CANNES – Reducing commercial ad loads on network television is paying dividends for viewers and advertisers. Now the industry needs to balance context and content to improve the ad experience on digital platforms.
That’s the prognosis of Chris Linn, President of Turner Entertainment’s truTV, which was the first network to announce limited commercial interruptions “and we have one of the most robust offerings,” he says in this interview with Beet.TV.
As of last October, all of its primetime premiers have had 50 percent commercials and promo loads, resulting in the addition of six minutes of content per hour.
The reason was simple. In a world of streaming services like Amazon, Hulu and Netflix, “we know we have to compete with those platforms for our consumers,” Linn says. “So it’s incumbent upon us to create the best possible viewing experience that we can.”
Calling fewer commercial interruptions “a win win for both programming and also for advertisers,” Linn references research showing that it prompts higher unaided ad recall and higher intent to purchase advertised products and services.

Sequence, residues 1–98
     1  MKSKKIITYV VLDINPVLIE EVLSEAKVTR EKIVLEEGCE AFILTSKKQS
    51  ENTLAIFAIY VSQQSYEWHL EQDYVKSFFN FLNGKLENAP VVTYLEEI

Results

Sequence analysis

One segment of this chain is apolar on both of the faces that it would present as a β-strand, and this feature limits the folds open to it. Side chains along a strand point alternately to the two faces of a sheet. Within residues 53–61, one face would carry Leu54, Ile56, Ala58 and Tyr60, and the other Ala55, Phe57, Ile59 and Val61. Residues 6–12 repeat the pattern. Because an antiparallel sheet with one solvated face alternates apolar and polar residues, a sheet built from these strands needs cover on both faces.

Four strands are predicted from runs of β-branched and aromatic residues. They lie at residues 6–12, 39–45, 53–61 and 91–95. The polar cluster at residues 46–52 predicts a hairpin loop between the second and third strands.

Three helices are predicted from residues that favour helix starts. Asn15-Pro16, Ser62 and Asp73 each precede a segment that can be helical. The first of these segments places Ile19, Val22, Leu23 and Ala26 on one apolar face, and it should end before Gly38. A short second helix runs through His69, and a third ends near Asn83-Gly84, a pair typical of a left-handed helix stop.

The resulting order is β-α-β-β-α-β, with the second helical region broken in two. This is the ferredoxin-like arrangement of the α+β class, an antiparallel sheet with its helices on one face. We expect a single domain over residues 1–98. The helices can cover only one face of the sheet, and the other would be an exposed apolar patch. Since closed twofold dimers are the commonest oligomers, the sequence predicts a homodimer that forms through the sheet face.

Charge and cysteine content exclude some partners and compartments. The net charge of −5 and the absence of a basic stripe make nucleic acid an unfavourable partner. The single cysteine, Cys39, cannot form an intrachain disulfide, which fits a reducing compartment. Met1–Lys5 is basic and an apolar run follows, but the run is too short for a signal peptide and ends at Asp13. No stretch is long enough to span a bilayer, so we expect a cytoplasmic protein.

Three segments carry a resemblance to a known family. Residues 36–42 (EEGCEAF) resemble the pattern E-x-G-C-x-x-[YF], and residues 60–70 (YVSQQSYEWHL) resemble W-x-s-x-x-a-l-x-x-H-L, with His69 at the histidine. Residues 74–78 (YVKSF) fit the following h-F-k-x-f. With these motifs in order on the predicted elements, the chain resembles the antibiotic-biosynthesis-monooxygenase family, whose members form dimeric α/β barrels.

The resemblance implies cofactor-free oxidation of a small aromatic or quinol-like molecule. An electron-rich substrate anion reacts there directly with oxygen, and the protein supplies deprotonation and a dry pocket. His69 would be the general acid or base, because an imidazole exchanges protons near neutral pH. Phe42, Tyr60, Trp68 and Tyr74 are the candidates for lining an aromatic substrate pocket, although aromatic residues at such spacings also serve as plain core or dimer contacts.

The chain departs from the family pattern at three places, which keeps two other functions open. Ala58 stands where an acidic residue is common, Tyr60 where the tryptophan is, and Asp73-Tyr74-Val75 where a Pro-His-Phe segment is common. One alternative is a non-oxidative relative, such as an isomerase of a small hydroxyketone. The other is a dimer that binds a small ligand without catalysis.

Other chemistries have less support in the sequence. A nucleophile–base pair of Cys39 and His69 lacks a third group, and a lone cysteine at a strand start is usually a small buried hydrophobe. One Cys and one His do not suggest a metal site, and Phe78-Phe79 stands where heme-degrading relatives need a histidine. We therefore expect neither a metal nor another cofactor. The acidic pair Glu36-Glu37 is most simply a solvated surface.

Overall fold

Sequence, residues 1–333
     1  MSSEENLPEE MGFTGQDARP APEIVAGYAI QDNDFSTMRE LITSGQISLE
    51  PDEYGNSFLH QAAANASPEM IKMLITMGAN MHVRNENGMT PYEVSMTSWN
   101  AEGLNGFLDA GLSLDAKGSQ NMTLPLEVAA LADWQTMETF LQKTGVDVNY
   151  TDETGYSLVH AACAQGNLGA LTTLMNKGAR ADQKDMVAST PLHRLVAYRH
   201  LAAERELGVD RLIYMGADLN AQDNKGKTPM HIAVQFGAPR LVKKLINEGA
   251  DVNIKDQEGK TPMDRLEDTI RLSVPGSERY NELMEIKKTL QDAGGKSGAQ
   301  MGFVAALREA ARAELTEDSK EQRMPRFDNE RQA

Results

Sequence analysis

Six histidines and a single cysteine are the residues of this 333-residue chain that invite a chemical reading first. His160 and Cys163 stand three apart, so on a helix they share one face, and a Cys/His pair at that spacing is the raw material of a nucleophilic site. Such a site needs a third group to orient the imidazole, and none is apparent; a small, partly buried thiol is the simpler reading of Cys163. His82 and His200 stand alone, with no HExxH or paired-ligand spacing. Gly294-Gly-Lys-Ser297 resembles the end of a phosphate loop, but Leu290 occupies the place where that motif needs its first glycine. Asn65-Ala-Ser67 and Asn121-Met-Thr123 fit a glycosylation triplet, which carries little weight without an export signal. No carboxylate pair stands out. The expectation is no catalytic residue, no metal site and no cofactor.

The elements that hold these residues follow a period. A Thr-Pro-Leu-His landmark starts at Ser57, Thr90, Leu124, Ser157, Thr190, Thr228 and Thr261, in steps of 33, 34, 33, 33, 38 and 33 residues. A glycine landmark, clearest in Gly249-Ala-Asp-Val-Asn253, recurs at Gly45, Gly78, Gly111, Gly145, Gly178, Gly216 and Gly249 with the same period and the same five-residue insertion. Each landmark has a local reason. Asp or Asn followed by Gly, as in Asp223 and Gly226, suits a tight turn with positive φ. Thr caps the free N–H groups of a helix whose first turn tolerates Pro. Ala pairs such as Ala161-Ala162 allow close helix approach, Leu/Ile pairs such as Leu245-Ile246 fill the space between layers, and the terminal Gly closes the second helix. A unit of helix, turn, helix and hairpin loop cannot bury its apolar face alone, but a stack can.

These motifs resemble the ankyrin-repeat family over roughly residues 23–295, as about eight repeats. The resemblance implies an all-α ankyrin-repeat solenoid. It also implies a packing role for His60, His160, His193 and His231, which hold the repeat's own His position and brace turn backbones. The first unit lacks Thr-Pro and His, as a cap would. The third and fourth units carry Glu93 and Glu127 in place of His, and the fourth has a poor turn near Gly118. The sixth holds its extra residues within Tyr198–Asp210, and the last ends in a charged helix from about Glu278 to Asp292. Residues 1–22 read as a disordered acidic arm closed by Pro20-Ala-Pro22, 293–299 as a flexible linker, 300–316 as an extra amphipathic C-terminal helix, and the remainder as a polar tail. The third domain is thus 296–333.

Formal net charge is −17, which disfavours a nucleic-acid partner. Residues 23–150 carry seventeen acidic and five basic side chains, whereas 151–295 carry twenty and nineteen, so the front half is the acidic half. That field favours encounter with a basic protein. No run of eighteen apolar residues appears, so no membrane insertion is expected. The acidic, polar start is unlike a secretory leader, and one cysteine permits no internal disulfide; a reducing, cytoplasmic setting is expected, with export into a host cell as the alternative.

“We can show that it actually drives physical purchase, actual business outcome. We can make deals based on that,” he says.
But on the digital side, there’s still work to be done with the viewing experience in mind.
“We’ve all been in that situation when you’re watching something in digital and you’re seeing the same ad over and over and over again and it feels abusive,” Linn says.
He doesn’t think consumers have a problem viewing ads so long as they are in the right context with content. “So I think we have to do just a better job of managing that aspect of digital.”
There’s also a balancing act between finely tuned targeting and reaching the broadest audience possible. Having lots of tools at one’s disposal is one thing, but at the end of the day most brands are seeking the utmost in reach, according to Linn.
“We look forward to the day when on linear we have the same sort of targeting mechanisms that you have on digital, and we’re working towards that,” he says. “But I don’t think we ever want to get into a world where we’re only talking to this many people.”